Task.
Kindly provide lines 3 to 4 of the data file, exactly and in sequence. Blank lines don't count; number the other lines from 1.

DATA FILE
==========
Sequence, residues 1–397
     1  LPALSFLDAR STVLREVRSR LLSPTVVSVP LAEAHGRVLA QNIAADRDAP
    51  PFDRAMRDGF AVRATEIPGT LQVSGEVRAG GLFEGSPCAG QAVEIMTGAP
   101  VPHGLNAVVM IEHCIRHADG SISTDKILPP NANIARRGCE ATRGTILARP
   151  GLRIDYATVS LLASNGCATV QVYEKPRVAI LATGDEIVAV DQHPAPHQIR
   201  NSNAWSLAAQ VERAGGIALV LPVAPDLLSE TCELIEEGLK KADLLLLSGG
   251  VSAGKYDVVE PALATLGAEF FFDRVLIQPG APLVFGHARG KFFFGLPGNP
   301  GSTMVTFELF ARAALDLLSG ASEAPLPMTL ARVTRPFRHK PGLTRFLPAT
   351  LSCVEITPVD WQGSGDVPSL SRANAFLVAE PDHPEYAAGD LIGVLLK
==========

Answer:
    51  PFDRAMRDGF AVRATEIPGT LQVSGEVRAG GLFEGSPCAG QAVEIMTGAP
   101  VPHGLNAVVM IEHCIRHADG SISTDKILPP NANIARRGCE ATRGTILARP